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Blog Post · June 5, 2023

Restoring Rivers, Restoring Community

This post is the first in a series on community engagement in river restoration projects in California, funded by the 2022–23 PPIC CalTrout Ecosystem Fellowship. Stay tuned for a look at restoration efforts on the Eel River, the San Joaquin River, and Trabuco Creek.

photo - Coots on the Dutch Slough Tidal Marsh Restoration Project Site on the Sacramento-San Joaquin Delta - pixel-ca-dwr-2023_05_18_FL_2279_Dutch_Slough

Healthy ecosystems are good for everyone in California—they provide us with abundant wildlife and fisheries, clean drinking water, and needed space in nature for recreation, among other benefits. Here at the PPIC Water Policy Center, we’ve studied restoration issues in the past—including the importance of restoring more natural flow patterns,  improving permitting, and storing water for the environment. This year we brought in three CalTrout Ecosystem Fellows to look at another major challenge in river restoration: community engagement.

There is a lot of literature on the importance of stakeholder engagement in restoration work. Studies in the US and internationally have shown that robust engagement can improve restoration outcomes. Yet project proponents frequently make erroneous assumptions when trying to engage community stakeholders, as a recent study of urban stream restoration illuminated. This includes assuming that community members and those proposing restoration actions have the same goals; that education and outreach alone will create community support; and that the community will benefit from restoration, and thus support it.

In addition to illuminating—and not falling prey to—these assumptions, proponents of restoration work must clear other major hurdles. These include:

  • Lack of trust. Transparency and accountability are key to building trust and maintaining healthy channels of communication. But community members may feel that their input, even if solicited, won’t matter. This perception may be reinforced by historical events and perceptions of where political and economic power lie in their community, making it hard to solicit their engagement.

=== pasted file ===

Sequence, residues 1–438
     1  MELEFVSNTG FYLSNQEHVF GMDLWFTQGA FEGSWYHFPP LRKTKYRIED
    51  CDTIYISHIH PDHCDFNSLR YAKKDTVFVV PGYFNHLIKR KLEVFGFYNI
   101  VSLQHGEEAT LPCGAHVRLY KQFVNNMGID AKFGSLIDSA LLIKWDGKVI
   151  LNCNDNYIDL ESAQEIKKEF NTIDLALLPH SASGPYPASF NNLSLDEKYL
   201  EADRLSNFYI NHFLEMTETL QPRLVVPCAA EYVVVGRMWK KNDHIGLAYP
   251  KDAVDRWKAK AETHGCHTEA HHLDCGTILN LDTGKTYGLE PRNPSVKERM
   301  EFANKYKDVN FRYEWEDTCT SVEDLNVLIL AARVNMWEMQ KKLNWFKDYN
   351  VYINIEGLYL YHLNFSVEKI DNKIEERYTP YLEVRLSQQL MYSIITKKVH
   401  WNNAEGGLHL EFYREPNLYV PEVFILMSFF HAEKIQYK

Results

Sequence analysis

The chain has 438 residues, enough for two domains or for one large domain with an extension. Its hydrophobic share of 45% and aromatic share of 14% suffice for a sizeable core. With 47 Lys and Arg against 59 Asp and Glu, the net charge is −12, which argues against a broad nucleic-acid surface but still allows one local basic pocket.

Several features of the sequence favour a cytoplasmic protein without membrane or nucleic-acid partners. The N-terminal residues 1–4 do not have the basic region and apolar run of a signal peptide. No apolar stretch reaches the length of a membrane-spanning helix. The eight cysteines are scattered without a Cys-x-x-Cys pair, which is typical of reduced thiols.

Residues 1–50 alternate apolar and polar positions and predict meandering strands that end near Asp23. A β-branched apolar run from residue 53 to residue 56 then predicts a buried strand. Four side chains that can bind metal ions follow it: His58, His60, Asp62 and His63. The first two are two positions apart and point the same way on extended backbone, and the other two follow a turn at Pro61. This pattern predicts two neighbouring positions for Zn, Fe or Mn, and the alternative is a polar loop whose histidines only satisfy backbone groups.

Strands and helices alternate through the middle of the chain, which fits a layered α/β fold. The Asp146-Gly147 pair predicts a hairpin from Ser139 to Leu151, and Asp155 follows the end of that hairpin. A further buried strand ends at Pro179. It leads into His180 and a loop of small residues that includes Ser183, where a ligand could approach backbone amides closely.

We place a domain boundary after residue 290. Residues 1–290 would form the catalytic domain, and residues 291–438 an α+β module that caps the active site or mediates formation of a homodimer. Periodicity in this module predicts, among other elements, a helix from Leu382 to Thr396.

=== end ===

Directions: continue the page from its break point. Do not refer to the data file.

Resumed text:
• Lack of capacity. Capacity issues cut both ways in restoration. On the one hand, project proponents may not have sufficient funding—or training—to support sustained community engagement. And many communities, for their part, may simply lack the monetary resources, time, or flexibility to engage. Barriers to engagement can include time of the day of meetings, transportation, language, technology access, and discomfort with expressing opinions. A 2017 guide by The Nature Conservancy suggested that enabling grassroots organizing, civic dialogue, and community events; creating opportunities to practice civic skills; and training community leaders could help make stakeholder engagement processes more effective.
  • Need for knowledge-sharing. Most restoration projects are presented to the community designed and ready to go. This falls into the trap, outlined above, of assuming that the community will share the same goals as the restorationists and fully understand the science. But a community’s needs might not align with what project designers foresaw for a project. Project proponents may also not know that communities fear unintended consequences. In urban restoration projects, for instance, there is often justifiable fear of gentrification, increased rents, and displacement; focusing just on the science of a project may alienate community members. The negative perceptions from this kind of experience can last a long time, hindering future restoration projects. Finally, in many places, knowledge-sharing with indigenous communities is vital to restoration success. The knowledge base of those who have managed the resource for thousands of years is vast and can play an essential role in restoration design and management, but only if engagement occurs early in the design of the project. Lack of trust and lack of capacity are major obstacles to engaging with tribes; outreach planners must take these factors into account.

This is just a sample of some of the challenges facing community outreach and engagement in ecosystem restoration efforts. Useful summaries of the many approaches to constructive engagement can be found in reports by The Nature Conservancy and the Pacific Institute.

Experience also shows that community engagement challenges vary, depending on the type of restoration project and the affected communities. We asked our three PPIC CalTrout Ecosystem Fellows to look at this issue through their journalist eyes. They tackled the complex topic of community engagement and restoration on three very different rivers: the Eel River (North Coast), where efforts to remove aging hydropower dams are underway; the San Joaquin River (Central Valley), where multiple agencies and non-profits are attempting to restore salmon runs and floodplain habitat; and Trabuco Creek (southern California coast), where a broad coalition is attempting to improve passage for steelhead trout.

Over the next few weeks, these journalists will present their observations in a series of blog posts on this site. We hope that their insights will be helpful to those planning similar projects for the future.


California rivers climate change ecosystem restoration community engagement endangered species Freshwater Ecosystems Water, Land & Air wildlife